Whether you’ve ever visited or not, you’ve got some pictures in your mind when it comes to New Orleans. Are you a strictly Bourbon Street kind of person, keen to be in the heart of it all – or do you want to experience The Big Easy as far from the maddening crowd as possible? During his many visits to the city, Anthony Bourdain does a bit of both.
Anthony Bourdain visited New Orleans to film season 2 (episode 2) of A Cook’s Tour, season 4 (episode 5) of No Reservations, and season 2 (episode 9) of The Layover. While he never made it there to film Parts Unknown, he certainly made the most of his three on-screen visits to the city with so many reputations – and reputations ruined. (He did also visit other parts of Louisiana for his final show.)
Whether you’re planning to visit NOLA soon, or are just curious about the places visited by Anthony Bourdain in New Orleans, you’ve come to the right place. This guide covers it all: all the restaurants where Tony ate in the city, and everything he ate while there. Use it to plan your own trips or meals, or just to dream of those truly unique flavors that this one city packs all in. Bon Appetit!
Want to watch the episodes where Anthony Bourdain visits New Orleans?
The A Cook’s Tour episode is available for free on YouTube; the No Reservations episode is available on Amazon, Hulu, and Apple TV; and The Layover episode is available on Amazon.
In this post, I promote travel to a destination that is the traditional lands of the Chahta Yakni (Choctaw) and Chitimacha peoples, among others. With respect, I make a formal land acknowledgment, extending my appreciation and respect to the past and present people of these lands. To learn more about the peoples who call these lands home, I invite you to explore Native Land.
Where Anthony Bourdain Ate in New Orleans
Before jumping into the list of places Tony Bourdain ate in New Orleans, I thought it might be helpful to use a map to show where all of the places are – as you can see, he ate in a variety of neighborhoods around the city.
Using that map to get oriented, now let’s go through each of the places Tony ate, during each of his visits to film there.
A Cook’s Tour (2002)
At the start of Anthony Bourdain’s career, almost everywhere is new to him – including New Orleans. He makes his first trip to film for the second season of A Cook’s Tour. This is pre-Katrina, but the city’s charm shines through this decades-old episode and endures through the storm for future episodes too.
As you might imagine for visiting New Orleans short sleeve season, it’s hot when Tony visits – so his first stop in the city is somewhere he can cool off, to “refrigerate my brain,” as he puts it.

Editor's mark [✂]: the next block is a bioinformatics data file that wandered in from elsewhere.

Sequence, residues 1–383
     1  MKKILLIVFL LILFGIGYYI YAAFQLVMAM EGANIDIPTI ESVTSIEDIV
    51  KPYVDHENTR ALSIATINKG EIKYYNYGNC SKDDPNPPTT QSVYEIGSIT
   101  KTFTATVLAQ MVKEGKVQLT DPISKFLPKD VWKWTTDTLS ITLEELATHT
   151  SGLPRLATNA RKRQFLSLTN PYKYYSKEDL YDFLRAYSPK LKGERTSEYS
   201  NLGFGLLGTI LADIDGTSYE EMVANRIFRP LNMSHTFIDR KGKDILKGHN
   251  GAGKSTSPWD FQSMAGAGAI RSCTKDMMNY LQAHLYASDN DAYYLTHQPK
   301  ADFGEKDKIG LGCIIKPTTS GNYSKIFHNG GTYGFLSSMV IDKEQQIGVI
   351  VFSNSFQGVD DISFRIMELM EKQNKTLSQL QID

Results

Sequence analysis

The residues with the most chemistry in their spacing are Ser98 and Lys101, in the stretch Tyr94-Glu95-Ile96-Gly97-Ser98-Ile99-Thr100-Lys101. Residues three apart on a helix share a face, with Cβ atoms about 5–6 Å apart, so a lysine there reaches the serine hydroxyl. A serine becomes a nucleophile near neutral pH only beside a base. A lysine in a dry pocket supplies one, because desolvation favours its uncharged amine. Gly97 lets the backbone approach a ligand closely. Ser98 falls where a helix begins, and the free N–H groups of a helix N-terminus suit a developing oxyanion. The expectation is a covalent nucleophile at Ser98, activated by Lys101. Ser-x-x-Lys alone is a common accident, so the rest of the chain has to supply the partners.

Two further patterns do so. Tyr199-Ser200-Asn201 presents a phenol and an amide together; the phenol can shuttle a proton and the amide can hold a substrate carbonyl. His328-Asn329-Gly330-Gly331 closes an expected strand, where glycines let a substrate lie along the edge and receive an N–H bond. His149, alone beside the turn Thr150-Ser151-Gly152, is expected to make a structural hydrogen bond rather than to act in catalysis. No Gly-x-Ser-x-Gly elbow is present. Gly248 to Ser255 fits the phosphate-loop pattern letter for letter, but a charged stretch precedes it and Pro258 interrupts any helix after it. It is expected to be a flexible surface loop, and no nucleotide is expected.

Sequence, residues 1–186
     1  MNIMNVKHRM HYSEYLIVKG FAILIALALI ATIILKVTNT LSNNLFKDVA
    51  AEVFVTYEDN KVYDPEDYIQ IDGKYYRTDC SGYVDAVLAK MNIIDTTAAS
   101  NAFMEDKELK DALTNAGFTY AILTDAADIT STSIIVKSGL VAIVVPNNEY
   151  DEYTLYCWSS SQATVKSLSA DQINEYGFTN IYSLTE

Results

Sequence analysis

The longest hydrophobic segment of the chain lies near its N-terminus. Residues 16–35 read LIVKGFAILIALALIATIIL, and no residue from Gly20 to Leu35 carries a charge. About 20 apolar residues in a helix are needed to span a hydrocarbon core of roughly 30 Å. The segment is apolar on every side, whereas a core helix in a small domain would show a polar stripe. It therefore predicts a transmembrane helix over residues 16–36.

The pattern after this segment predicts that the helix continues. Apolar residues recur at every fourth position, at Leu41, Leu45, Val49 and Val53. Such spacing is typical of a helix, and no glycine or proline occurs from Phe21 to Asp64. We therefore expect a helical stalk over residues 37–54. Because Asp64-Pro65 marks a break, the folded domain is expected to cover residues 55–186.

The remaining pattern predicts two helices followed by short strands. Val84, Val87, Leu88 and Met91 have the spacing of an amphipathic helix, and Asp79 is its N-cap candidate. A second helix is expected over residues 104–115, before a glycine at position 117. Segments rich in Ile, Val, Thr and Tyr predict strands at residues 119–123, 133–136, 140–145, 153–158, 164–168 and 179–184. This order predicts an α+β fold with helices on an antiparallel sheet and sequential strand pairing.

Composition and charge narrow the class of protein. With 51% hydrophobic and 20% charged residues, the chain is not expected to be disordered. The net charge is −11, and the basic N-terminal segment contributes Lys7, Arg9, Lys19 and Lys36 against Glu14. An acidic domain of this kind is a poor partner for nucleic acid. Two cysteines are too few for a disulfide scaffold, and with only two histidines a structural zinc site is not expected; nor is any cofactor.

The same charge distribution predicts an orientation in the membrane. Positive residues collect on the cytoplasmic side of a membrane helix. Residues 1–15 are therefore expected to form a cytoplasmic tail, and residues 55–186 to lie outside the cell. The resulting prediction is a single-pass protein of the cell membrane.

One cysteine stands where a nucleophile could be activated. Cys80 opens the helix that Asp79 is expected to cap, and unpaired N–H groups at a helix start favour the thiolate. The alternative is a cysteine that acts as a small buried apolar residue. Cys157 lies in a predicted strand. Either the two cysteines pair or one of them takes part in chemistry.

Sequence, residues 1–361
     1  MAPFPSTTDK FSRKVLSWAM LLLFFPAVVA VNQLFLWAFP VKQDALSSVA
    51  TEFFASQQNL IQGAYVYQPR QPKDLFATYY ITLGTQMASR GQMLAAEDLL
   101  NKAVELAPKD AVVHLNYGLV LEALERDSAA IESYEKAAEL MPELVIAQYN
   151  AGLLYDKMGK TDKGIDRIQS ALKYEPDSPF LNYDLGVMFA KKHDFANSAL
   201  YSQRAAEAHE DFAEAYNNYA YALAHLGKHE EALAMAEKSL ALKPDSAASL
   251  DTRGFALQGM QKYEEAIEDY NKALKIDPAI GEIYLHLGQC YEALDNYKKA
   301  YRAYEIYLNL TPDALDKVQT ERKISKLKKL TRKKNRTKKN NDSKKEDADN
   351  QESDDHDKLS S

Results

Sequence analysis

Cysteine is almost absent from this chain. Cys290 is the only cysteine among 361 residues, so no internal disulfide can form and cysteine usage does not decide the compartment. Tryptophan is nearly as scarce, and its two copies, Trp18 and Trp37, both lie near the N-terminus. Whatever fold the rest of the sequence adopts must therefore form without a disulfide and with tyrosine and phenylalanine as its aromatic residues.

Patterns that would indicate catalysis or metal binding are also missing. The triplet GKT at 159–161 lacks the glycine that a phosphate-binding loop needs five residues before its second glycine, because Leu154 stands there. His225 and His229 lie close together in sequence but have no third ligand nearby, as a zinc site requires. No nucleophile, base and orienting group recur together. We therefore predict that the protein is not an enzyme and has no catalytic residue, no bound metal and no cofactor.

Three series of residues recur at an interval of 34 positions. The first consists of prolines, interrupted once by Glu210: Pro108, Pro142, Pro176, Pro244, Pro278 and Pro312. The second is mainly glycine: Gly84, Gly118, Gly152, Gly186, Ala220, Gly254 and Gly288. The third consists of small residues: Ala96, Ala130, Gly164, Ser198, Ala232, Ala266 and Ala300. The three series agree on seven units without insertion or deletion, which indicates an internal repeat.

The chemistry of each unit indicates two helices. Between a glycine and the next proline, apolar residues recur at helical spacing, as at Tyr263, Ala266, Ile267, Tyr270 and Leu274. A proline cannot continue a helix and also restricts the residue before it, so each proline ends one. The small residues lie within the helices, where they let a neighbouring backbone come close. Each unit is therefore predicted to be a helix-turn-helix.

To that end, he stops by Hansen’s Sno-Bliz, a NOLA institution that’s been around for over 80 years and is known for its top-notch shave ice. Tony chose to have a pink lemonade ice cup with sweetened condensed milk (the latter of which is essential if you’ve ever had a similar treat!).
New Orleans is known for its drinking culture, but did you know there’s (at least) one place you can drink and do your laundry in The Big Easy? After spending time out in the bayou, Bourdain wants to clean up a bit and get a start on his buzz, so he stops at Checkpoint Charlie’s for both. After ordering a Maker’s Mark at the bar, he heads to the back and washes his laundry (or at least appears to do so on-screen).
The Harbor Restaurant (CLOSED)
Unfortunately, the next spot Tony ate is now closed; at some point in the 20 years since his first visit, The Harbor Restaurant shuttered – another NOLA institution gone, sadly.
This spot is known for its southern Soul food, which you probably know Bourdain loves if you’ve watched many episodes of any of his shows. He orders ham hocks, black-eyed peas, collard greens, and cornbread and heads out of the restaurant to eat in the fresh air and savor the flavors.
Looking for “real” New Orleans food? Jacques-Imo’s Cafe (pronounced like “jockamos”) is the place to go – especially if you’re keen to avoid the city’s tourist traps.
Here, Tony sits down for a meal with chef Jacques Leonardi that showcases the unique flavors of the region in hearty portions. The pair enjoy alligator sausage “cheesecake” with shrimp, sauteed chicken livers, a signature fried po’ boy, soft shell crab on fried green tomatoes, and the restaurant’s “legendary” fried chicken.
Afterward, the pair head to a nearby bar for late-night drinks with fellow chefs; this spot isn’t named on camera so if you know where it is, I’d love to hear about it in the comments.
I might be mistaken, but I’m pretty sure that I heard Bourdain say that his visit to Tee-Eva’s was his first jambalaya experience… ever?! Luckily, he picked a great spot. This creole restaurant (combining the flavors and dishes of French, Caribbean, and African cuisines) is another hole-in-the-wall, but a great go-to place if you want authentically made sausage jambalaya.
Verti Marte Grocery
After the weather turns on the crew and they opt against filming in the rain, Tony retires to his hotel… but room service is not on the menu (so to speak).